It is Dec. 23. I cross the border on a cold Friday morning. The U.S. Customs are all smiles. Merry Christmas. Best of the Season. The city is waking up as I make my way to Grand Boulevard, past the Fisher Theatre. I’m heading in the direction of St. Agnes Roman Catholic Church at West Grand Blvd. and Rosa Parks. Abandoned. It was built in 1920. On my way there, I pulled over to the side of the road, and a crack addict, a woman of maybe 30, knocked on my window. Scared the hell out of me. I locked the doors. She backed off and stood on the curb and asked me to roll down the window. I opened it a crack and asked what she wanted.
“Can you spare a dollar?” I dug into my pocket and found a dollar for her, and slipped it through the window. She thanked me, and moved on down the street. I continued on my way to the church, and made my way down a broken sidewalk, the entrance covered in overgrown shrubbery. The doors at the back of the church were wide open, and I walked into this massive cathedral, its walls tangled over by graffiti, massive stained-glass windows shattered, and haunting skeletal trees outside shifting with the wind. The place was cold to the bone, and I went about my business of photographing this amazing place.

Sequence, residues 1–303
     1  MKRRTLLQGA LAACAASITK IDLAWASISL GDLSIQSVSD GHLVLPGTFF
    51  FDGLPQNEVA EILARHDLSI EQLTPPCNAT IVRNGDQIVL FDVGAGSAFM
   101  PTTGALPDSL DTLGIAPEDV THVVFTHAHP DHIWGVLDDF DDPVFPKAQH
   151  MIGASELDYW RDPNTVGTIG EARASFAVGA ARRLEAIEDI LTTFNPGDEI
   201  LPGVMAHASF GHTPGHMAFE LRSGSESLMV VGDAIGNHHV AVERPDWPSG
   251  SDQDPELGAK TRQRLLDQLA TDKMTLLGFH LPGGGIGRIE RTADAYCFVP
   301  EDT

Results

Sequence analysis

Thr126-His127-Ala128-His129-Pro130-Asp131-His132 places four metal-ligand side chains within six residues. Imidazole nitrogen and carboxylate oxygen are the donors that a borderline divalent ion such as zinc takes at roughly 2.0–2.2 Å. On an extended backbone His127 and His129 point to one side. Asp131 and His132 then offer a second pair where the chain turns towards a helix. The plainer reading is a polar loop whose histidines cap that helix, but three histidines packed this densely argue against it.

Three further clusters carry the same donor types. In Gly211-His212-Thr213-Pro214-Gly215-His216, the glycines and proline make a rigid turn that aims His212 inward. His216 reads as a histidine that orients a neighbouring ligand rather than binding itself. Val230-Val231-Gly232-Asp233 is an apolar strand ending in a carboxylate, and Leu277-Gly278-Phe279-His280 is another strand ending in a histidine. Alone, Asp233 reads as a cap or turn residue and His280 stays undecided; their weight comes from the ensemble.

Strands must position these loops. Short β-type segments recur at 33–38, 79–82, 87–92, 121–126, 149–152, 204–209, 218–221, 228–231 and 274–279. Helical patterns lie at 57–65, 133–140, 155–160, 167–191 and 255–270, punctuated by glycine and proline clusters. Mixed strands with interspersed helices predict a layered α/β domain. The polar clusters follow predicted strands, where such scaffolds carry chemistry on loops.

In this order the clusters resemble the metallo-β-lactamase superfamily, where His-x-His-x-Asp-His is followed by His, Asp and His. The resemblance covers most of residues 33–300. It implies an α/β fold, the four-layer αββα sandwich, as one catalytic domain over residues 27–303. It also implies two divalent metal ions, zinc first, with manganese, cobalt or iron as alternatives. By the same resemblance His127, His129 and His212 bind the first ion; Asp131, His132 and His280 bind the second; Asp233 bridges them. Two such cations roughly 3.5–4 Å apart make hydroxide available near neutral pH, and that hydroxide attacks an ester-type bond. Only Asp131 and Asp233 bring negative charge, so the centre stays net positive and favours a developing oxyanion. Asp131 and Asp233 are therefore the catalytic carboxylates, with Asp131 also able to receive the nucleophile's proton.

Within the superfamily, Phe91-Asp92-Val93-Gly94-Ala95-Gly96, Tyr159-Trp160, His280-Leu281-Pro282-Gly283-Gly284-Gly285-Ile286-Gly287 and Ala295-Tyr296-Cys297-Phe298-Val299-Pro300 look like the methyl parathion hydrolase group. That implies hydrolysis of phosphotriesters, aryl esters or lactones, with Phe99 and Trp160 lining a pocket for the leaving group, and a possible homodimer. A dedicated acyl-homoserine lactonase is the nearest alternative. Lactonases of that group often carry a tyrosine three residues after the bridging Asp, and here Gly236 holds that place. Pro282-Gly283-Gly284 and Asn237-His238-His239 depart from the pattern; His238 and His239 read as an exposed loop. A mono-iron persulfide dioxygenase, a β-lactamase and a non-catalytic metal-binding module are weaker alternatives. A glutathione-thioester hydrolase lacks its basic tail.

In the late 1980s, the Archdiocese of Detroit was realigning urban parishes and this one merged with another and was renamed Martrys of Uganda. I am not sure when it closed. But part of its history is that the radio priest Father Charles Coughlin got his start here. He was assigned as an assistant when he was teaching at Assumption College in Windsor. He would cross the border every week to deliver a sermon at this church. St. Agnes was newly built, as a matter of fact, it was only a year old when he started going there. Coughlin had been a priest since 1916, having been ordained at St. Basil’s in Toronto. His first assignment was teaching English at Assumption. It was Bishop Gallagher of Detroit who had heard of Coughlin’s preaching prowess. It was at St. Agnes that he developed that connection with people, and later he would move to St. Leo’s where he stayed for 18 months. Finally five years later he would wind up at Royal Oak, Michigan, 12 miles north of Detroit. By then, Coughlin was 35, and it was there in Royal Oak that he found his gift in radio. But it was at St. Agnes that this fiery priest got a taste for the pulpit and nurtured the eloquence needed to capture the imagination of his followers.